Since September 2013, the ‘achievements’ of our government could be broadly summarised by ‘knock it down, rip it up, sell it off or shoot it.’
Their one supposedly constructive achievement, apart from promises about roads, is hastily finalising several free trade agreements.
Aside from the co-incidence/concern of agreements that had been negotiated over several years all reaching conclusion at the same time (what did we agree to?), are these actually in Australia’s best interests or are they just political opportunities?
When John Howard signed the Free Trade Agreement with the US in 2004, it was suggested that his motive was electoral rather than economic – to highlight the American alliance and hope that if Labor opposed it it could be cast as anti-American, and hence a security risk.
The Coalition’s reaction to Labor’s attempts to safeguard Australian jobs in the China FTA has used a similar approach, branding Labor as racist.
In the first five years after the signing of the US FTA, Australia’s exports to the US grew by only 2.5 per cent, compared with double-digit growth for exports to all the major Asian trading partners. America slipped from third to fifth among Australian export destinations, overtaken by Korea and India.
By 2009, the value of Australian exports to the US was only about a quarter of those to the two leading customers, China and Japan. The four Asian countries together took more than 10 times the value of exports to the US despite having no such trade agreements.
Moreover, between 2004 and 2009, the bilateral trade gap in America’s favour grew even larger. Australia’s imports from America grew much more quickly than its exports to America. According to US data, the gap in America’s favour grew from $US6.4 billion to $US11.6 billion.
In 2004 Australian exports to America were worth about 54 per cent of the value of imports from that country. By 2009 the figure was down to 41 per cent.
And our current endeavours do not promise any better.
Hockey’s second MYEFO showed a revenue write-down of $1.6 billion due to the FTA with Japan.
Also, the agreements with Japan and Korea effectively sounded the death knell for our car industry and manufacturing more broadly.
The Chinese deal on beef is only for an extra 10% exports before a trigger where tariffs will be charged again, and the proposed tariff reduction will not fully take place for nine years.
Agribusiness lawyer Lea Fua told a Brisbane hearing that China has a safeguard clause which allows it to add customs duties to fresh and frozen beef carcasses and meat when Australian beef imports hit a volume trigger of 170,000 tonnes.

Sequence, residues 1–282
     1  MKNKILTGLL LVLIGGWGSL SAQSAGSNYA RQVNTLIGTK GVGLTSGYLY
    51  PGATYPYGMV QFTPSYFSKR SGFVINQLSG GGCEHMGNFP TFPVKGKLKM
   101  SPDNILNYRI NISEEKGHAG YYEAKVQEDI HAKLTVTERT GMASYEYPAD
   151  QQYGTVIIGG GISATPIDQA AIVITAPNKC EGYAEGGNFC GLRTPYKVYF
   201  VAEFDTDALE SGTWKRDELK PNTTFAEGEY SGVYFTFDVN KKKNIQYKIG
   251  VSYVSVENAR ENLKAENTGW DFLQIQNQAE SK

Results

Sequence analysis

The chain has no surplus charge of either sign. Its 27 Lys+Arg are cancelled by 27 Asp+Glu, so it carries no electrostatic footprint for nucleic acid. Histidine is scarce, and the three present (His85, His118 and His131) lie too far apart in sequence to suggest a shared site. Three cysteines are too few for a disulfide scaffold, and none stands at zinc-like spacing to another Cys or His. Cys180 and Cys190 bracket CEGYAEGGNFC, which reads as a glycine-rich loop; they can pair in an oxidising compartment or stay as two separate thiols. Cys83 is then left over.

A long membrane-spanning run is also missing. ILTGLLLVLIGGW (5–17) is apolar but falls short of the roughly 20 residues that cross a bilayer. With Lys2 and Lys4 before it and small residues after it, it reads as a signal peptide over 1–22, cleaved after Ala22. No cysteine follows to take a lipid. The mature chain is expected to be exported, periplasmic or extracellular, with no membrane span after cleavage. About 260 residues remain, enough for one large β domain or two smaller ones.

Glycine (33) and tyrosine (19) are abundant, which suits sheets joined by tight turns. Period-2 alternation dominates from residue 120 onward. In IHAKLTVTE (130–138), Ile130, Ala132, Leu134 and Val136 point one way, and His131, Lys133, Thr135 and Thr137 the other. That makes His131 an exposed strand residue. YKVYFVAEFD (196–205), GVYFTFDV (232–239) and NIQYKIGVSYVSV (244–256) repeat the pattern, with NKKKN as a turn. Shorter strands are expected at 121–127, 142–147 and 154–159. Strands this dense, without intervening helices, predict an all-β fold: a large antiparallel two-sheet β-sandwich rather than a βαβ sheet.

“In 2013-14, Australia exported 161,000 tonnes of beef to China worth $787 million,” Mr Fua told the Joint Parliamentary Committee on Treaties.
“The concern here is that given the growth in Australian beef exports to China, which has been exponential in the last few years, the risk here is that the trigger will be reached fairly quickly and China is able to apply extra customs duty which appears to be against the spirit of chapter two [of the FTA],” he said.
Mr Fua said a similar situation applies to Chinese imports of Australian milk and cream solids.
As Bob Katter has warned, rather than being the food bowl for Asia, on current trajectory, Australia will become a net importer of food, and pretty much everything else other than coal and iron ore. This will have significant implications for domestic prices as farmers can make a greater profit by exporting their produce.
If, as the unions warn, foreign companies are allowed to bring in their own workers, it becomes even more difficult to believe these agreements are in the best interests of our country.
A bilateral meeting with a friendly leader presents many domestic political advantages. It gives the appearance of advancing the national interests and attracts intense and usually uncritical media coverage, but it inevitably favours the biggest countries, such as the US and China. Their power affords them superior bargaining leverage to win concessions favouring their domestic constituencies.
After bilateral meetings, leaders can sing each other’s praises and hail the breakthrough their mutual brilliance has achieved. In practice, the promised benefits often fade just a little more slowly than the TV lights.
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